As queer printmakers, artists, and nature freaks, we began the Queer Ecology Hanky Project as a way to bring together our many interests. Inviting artists to explore queer ecology—an area of inquiry that unites the study of biology, environment, and sexuality within the framework of queer theory—has given us windows into divergent possibilities for gender and sexuality, models of resilience and resistance in a world that feels increasingly bleak. In recent years, queers of all genders and proclivities have expanded the definitions of the original gay hanky code—which emerged in the United States in the early 1970s, as a means for gay men to subtly communicate sexual desires—to include different bodies, identities, and activities. We love designing, printing, and distributing bandannas as wearable artwork, and as a means to continue the queer communication of flagging, of finding affinity with plants, animals, mycelia, and each other.
In seeking artists and art for the project, we reached out to our intersecting networks of printmakers, artists, ecologists, zine makers, and herbalists, hoping the call for work would spread like mycelium growth. We created and shared a digital flier, and were fortunate to have the project amplified by a few online platforms with a wide reach. This resulted in a nice mix of artists we actively recruited and new-to-us strangers. The full collection, of which seven hankies are reproduced here, speaks to the diversity of queer experience.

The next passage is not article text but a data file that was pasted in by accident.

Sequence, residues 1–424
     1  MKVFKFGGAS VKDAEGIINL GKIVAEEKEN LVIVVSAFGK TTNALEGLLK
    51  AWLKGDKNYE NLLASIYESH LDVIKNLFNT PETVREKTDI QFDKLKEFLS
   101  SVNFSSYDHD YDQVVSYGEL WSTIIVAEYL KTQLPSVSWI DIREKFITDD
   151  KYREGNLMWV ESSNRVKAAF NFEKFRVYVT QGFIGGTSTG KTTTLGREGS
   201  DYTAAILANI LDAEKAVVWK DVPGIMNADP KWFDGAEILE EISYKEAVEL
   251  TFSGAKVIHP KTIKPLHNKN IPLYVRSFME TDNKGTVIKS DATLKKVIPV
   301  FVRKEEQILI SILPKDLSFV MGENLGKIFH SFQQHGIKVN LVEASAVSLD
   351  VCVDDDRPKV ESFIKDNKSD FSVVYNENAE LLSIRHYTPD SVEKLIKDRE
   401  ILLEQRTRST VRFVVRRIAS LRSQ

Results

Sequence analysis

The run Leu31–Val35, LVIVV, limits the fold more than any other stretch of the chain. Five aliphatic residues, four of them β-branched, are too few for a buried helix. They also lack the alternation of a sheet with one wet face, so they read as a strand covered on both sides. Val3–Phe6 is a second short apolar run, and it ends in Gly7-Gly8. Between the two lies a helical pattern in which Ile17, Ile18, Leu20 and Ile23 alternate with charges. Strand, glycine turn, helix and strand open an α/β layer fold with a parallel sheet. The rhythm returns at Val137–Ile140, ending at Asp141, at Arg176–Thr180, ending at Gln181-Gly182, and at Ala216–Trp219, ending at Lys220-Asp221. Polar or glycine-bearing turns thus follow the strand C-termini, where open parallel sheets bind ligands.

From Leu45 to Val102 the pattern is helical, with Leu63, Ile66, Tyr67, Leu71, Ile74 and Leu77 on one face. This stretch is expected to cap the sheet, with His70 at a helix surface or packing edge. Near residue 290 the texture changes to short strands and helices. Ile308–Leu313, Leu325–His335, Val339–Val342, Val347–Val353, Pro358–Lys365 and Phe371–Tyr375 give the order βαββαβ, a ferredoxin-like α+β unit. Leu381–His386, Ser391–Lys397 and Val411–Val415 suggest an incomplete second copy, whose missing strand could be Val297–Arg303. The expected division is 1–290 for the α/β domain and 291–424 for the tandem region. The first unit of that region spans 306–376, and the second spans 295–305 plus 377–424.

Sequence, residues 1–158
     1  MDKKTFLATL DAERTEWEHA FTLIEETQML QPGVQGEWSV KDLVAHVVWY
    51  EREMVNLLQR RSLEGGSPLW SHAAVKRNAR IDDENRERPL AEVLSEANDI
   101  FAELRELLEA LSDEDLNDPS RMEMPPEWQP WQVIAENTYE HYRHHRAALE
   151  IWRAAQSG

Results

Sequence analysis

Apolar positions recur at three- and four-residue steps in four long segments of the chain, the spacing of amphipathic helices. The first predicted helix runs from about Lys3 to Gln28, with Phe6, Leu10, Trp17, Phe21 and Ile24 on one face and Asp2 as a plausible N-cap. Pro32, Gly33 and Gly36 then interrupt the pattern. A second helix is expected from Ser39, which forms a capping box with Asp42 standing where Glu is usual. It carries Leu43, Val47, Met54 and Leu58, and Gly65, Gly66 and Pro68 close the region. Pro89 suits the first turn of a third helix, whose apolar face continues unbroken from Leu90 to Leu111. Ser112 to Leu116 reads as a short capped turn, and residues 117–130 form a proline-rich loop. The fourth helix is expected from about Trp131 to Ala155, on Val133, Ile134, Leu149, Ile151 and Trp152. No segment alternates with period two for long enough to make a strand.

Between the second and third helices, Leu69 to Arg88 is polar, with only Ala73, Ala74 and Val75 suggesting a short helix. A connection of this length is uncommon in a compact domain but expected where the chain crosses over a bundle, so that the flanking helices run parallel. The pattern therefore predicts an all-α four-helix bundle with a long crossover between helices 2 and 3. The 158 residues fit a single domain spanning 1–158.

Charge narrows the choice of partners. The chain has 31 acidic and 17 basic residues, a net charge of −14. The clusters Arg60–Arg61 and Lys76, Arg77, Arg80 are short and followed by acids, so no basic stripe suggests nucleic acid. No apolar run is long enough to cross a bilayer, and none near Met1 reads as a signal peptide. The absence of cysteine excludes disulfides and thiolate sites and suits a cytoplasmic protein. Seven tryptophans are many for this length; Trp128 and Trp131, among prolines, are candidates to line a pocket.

We were pleased by the number of contributions that look at pleasure in the natural world, such as Corrine Teed’s exploration of salamanders’ same-sex summertime trysts. We were also intrigued by the overlapping and diverging investigations into interdependence—like Andrea Narno’s hanky, which looks to the intimate and integral relationships between the yucca and the yucca moth, snails and the snail-pollinated plant Volvulopsis nummularium. Several hankies explore interesting examples of relationship longevity—including Bekezela Mguni’s swans. Many artists used plant- and earth-based materials to dye their fabric, weaving the meanings and aesthetics associated with natural pigments into their hankies.
One of the most exciting things about this project is that it is artwork intended for activation. We hope these hankies will accompany walks in the woods, accessorize outfits at queer dance parties, bundle up foraged mushrooms, and start conversations.
—Vanessa Adams & Mary Tremonte